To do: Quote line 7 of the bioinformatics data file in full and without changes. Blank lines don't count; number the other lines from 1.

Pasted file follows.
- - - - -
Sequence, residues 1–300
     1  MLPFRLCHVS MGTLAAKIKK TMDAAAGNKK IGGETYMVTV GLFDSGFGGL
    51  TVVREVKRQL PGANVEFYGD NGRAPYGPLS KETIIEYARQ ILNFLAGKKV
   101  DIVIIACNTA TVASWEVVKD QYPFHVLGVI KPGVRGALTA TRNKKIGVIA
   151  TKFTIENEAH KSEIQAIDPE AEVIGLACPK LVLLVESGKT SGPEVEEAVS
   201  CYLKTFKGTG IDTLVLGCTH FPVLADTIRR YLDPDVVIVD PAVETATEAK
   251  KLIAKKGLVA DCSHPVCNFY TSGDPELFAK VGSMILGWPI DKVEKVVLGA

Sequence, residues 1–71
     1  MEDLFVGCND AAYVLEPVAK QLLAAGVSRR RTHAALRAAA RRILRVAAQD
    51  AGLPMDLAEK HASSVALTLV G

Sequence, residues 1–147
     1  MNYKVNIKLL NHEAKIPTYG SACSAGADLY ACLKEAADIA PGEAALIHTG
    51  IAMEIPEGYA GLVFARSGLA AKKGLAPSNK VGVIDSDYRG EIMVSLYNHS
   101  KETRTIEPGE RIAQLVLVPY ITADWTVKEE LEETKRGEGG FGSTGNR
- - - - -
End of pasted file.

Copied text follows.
   251  KLIAKKGLVA DCSHPVCNFY TSGDPELFAK VGSMILGWPI DKVEKVVLGA